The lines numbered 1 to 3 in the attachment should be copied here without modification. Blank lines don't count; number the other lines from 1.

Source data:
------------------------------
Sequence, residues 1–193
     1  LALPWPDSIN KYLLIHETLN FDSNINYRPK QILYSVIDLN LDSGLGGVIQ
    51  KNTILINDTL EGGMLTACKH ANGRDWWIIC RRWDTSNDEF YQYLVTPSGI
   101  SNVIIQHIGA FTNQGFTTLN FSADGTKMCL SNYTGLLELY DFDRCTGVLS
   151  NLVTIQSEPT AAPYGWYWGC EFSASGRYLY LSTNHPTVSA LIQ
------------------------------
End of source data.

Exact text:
Sequence, residues 1–193
     1  LALPWPDSIN KYLLIHETLN FDSNINYRPK QILYSVIDLN LDSGLGGVIQ
    51  KNTILINDTL EGGMLTACKH ANGRDWWIIC RRWDTSNDEF YQYLVTPSGI